CDC now asserts that “Along with many organizations worldwide, we recommend caution in cell phone use.” As the lead Federal health action agency, CDC provides tips to the public on how to “reduce radio frequency radiation near your body.”
Health authorities at the Federal, state, and local level should follow CDC’s lead and disseminate precautionary health warnings to ensure that the public is adequately informed about the potential health risks of cell phone use and has the know-how to reduce exposure to the radiofrequency radiation emitted when carrying or using cell phones.
Moreover, the Federal Communications Commission should review CDC’s new position in light of the Commission’s obsolete regulatory standard for cell phone radiation that was adopted in 1996 when few adults used cell phones.
CDC’s latest recommendations represent a considerable improvement in our Federal government’s position regarding cell phone radiation health risks and the need for precaution.
CDC indicates that more research is needed to understand the health risks of exposure to cell phone radiation. Unfortunately the U.S. has been negligent in supporting research on wireless radiation health effects. A major government research funding initiative could be launched with as little as a nickel-a-month fee on wireless subscriptions. This research initiative should be conducted independent of the wireless industry as we have considerable evidence that the industry has undermined much of the research it has funded in the past.
For additional information about how to reduce your exposure to wireless radiation see the tips available on my Electromagnetic Radiation Safety web site at https://docs.google.com/
CDC: Radiation and Your Health
Frequently Asked Questions about Cell Phones and Your Health
Most of us depend on cell phones every day. Some people wonder if cell phones can cause health problems. Here’s what you should know about cell phones and your health.
Can using a cell phone cause cancer?
There is no scientific evidence that provides a definite answer to that question. Along with many organizations worldwide, we recommend caution in cell phone use. More research is needed before we know for sure if using cell phones causes cancer.
Do cell phones give off (emit) radiation?
Yes – cell phones and cordless phones use radiofrequency radiation (RF) to send signals. RF is different from other types of radiation (like x-rays) that we know can be harmful. We don’t know for sure if RF radiation from cell phones can cause health problems years later. The International Agency for Research on Cancer (IARC) has classified RF radiation as a “possible human carcinogen.”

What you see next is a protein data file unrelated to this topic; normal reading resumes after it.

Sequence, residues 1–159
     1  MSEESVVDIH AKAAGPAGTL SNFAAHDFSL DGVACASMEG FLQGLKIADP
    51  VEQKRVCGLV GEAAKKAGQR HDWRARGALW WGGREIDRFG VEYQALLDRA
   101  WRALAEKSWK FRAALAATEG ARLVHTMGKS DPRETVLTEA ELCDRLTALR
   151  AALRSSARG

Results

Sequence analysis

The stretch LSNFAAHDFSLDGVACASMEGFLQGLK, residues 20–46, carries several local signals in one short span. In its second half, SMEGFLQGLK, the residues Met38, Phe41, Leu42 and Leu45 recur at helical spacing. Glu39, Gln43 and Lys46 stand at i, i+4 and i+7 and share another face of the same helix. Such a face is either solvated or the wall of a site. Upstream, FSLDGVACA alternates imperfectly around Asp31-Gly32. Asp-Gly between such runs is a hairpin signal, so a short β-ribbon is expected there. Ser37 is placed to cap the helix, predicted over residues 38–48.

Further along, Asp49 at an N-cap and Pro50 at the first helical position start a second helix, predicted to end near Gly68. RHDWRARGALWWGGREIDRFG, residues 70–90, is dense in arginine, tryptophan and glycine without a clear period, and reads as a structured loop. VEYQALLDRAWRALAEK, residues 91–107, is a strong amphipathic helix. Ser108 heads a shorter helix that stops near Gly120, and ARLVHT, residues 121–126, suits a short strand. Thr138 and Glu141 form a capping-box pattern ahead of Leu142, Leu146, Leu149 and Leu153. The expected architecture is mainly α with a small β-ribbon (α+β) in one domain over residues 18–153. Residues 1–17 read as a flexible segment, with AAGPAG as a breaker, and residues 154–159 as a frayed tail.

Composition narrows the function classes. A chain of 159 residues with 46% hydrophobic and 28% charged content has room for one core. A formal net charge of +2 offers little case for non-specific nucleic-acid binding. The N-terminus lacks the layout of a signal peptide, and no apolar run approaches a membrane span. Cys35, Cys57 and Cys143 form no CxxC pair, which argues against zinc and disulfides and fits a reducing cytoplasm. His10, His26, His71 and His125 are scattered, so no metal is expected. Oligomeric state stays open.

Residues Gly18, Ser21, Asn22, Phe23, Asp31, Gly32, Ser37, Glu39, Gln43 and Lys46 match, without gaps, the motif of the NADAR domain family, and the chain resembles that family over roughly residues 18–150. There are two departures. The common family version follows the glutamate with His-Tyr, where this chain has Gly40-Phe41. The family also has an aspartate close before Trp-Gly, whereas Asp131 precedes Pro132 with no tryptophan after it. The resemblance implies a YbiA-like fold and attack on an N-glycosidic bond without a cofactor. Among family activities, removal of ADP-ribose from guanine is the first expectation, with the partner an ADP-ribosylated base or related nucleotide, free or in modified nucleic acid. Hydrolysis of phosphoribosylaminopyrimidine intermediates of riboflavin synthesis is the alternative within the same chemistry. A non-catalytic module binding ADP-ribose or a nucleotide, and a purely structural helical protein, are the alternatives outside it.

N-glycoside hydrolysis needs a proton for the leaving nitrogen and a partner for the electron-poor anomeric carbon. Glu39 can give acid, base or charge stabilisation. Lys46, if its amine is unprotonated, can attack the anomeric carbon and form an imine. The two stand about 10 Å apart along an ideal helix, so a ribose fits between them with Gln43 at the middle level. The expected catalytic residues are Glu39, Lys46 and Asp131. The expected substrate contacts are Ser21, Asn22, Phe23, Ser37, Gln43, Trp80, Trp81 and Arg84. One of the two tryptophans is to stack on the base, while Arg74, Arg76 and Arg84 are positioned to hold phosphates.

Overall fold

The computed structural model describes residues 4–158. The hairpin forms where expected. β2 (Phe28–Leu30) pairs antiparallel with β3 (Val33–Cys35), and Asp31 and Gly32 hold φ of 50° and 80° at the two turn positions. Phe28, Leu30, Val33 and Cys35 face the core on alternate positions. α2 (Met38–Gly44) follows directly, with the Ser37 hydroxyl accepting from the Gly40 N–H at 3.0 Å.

Should people stop using cell phones?
Scientific studies are ongoing. Someday cellphones may be found to cause health problems we are not aware of at this time. However it is also important to consider the benefits of cell phones. They can be valuable in an urgent or emergency situation– and even save lives.
If you are worried about cell phone use, follow the tips below.
Cell phone tips
To reduce radio frequency radiation near your body:
• Get a hands-free headset that connects directly to your phone.
• Use speaker-phone more often.
• If you have a pacemaker, keep cell phones at least 8 inches away from it.
Do cell phones cause health problems in children?
It’s too soon to know for sure. Children who use cell phones – and continue to use them as they get older – are likely to be around RF for many years. If RF does cause health problems, kids who use cell phones may have a higher chance of developing these problems in the future.
What research is being done to learn more about cell phones and health?
Scientists are continuing to study the possible health effects of cell phone use. For example, the World Health Organization (WHO) is currently looking into how cell phones may affect:
• Some types of tumors (a lump or growth)
• Our eyes
In the News: Acoustic Neuroma
Scientists are looking into a possible link between cell phone use and certain types of tumor. One type is called an acoustic neuroma (“ah-COOS-
Where can I get more information about cell phones and health?
For more information, visit:
The Federal Communications Commission
World Health Organization
The Food and Drug Administration
Page last reviewed: June 9, 2014
Page last updated: June 9, 2014
Content source: Centers for Disease Control and Prevention
Joel M. Moskowitz, Ph.D.
School of Public Health
University of California, Berkeley